1.     A big recession in 2013 as businesses remain skeptical about investing in a country run by anti-business Democrats.
2.     At least $20 trillion in government debt.
3.     A deadlocked Congress as Obama proclaims any real compromise an unacceptable retreat.
4.     A declining military as spending cuts whittle away at its effectiveness.
5.     The disappearance of Catholic hospitals, as they refuse to provide workers with insurance covering birth control.
6.     Iran will get the bomb, causing a Middle East arms race. We will do nothing.
7.     American debt will be downgraded, interest rates on government debt will go up, feeding the overall debt, pushing the country toward insolvency.
8.     The trend to see the Constitution as outdated will grow; there will be a lot of talk about replacing it, and this will be the preliminary to actually doing so.
9.     Four years from now, the Republicans will still be blamed for it all, and I wouldn’t be surprised if they lose again.

Blacks, Latinos, and single women certainly put Obama over the top. See this Rolling Stone article, which lays out what powered this election: How Obama Won. The 67 to 31 split among single women, who for the first time in U.S. history outnumber married ones, was perhaps the most important demographic. To see the kind of country this group thinks they live in, and the kind of country they want, watch Sandra Fluke and Elizabeth Warren's DNC speeches, shrilly proclaiming what the government owes them.

I suppose historians will try to date the decline of America. Maybe they’ll pick 9/11. Maybe the Great Recession. But I pick tonight as the real date, because this is the day American trumped reason with “what’s in it for me?” and embraced decline. This is the day that America became a different country.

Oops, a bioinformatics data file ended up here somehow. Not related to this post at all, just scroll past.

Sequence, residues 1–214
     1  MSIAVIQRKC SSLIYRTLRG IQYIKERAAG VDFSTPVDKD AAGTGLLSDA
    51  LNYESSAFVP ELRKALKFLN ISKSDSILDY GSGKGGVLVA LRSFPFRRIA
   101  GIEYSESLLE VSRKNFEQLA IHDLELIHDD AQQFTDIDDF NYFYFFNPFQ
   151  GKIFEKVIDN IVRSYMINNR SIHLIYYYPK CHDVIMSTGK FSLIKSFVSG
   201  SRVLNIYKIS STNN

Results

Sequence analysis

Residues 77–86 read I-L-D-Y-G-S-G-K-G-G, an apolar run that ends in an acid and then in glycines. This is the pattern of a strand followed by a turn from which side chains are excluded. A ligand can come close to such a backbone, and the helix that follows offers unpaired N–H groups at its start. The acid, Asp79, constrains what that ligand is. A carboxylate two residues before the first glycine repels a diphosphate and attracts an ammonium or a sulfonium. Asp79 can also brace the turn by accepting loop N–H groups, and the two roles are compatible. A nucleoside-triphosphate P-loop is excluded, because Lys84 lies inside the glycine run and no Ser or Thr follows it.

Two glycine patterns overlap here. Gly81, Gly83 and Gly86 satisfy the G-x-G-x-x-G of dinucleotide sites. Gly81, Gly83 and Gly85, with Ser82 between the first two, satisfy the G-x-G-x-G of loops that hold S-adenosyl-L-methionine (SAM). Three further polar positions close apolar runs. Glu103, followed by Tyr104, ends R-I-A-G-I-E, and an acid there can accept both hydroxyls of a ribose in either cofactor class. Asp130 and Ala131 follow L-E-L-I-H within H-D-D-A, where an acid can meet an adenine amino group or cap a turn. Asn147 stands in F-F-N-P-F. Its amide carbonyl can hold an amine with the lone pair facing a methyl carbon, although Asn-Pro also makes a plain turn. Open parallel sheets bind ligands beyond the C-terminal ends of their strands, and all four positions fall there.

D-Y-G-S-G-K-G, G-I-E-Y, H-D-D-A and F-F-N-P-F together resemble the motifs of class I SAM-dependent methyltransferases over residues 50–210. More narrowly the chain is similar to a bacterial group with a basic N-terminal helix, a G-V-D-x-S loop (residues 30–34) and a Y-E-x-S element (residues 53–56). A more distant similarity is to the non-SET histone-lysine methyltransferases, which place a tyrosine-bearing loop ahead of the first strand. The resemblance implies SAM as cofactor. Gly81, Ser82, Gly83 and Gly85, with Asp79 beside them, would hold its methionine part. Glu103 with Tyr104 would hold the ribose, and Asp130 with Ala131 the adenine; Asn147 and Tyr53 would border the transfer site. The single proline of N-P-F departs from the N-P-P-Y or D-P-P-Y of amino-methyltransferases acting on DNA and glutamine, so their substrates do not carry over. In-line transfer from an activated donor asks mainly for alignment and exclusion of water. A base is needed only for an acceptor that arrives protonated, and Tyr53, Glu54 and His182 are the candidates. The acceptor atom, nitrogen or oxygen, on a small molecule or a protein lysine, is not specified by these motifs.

November 8

OK, after one day to cool down, I refuse to abandon all hope. Still, unless courageous steps are taken both in California and in the USA to make significant spending cuts, the day of reckoning is simply going to be even more painful. California's Proposition 30 passage gives the university system in California breathing space, but each of these tax increases erodes California's tax base as more and more people with money--individuals and businesses--leave the state for others where the tax burden is lighter. Combine an eroding tax base with the likelihood of a recession this year, and Prop. 30 may be only a temporary bandaid.

see Victor Davis Hanson's column which has a very perceptive analysis of Democrat strategy in this election, Groundhog Day in America: "In textbook community-organizing fashion, Obama won the election by brilliantly cobbling together factions with shrill warnings of supposed enemies everywhere. Young women were threatened by sexist Neanderthal males. Minorities were oppressed by neo-Confederate tea partiers. Greens were in danger from greedy smokestack polluters. Gays were bullied by homophobic Evangelicals. Illegal aliens were demonized by xenophobic nativists. And the 47 percent were at the mercy of the grasping 1 percent. Almost any American could fall into the category of either an Obama-aligned victim or a Romney-aligned oppressor."

Although the following analysis by Bill O'Reilly is spoiled by the shameless self-plug at the end, it's thought-provoking, and I think right when it comes to Hurricane Sandy:

Much of what O'Reilly has to say is remarkably close to the Rolling Stone article, above. What the Republican party has to get across, if it wants a future for itself and a better future for the country, is that government help for those who need it is impossible if the state is insolvent. That seems obvious, but many people--at least 50% of voters--seem welded to the idea that our ability to extract money from "the rich" is infinite.To Democratic friends who are committed to more income equality: set aside the moral issues this would raise and the government power it requires. Just consider whether it is even possible to generate enough revenue to keep up with our current trend of expenditure.

Dennis Miller echoes my lament: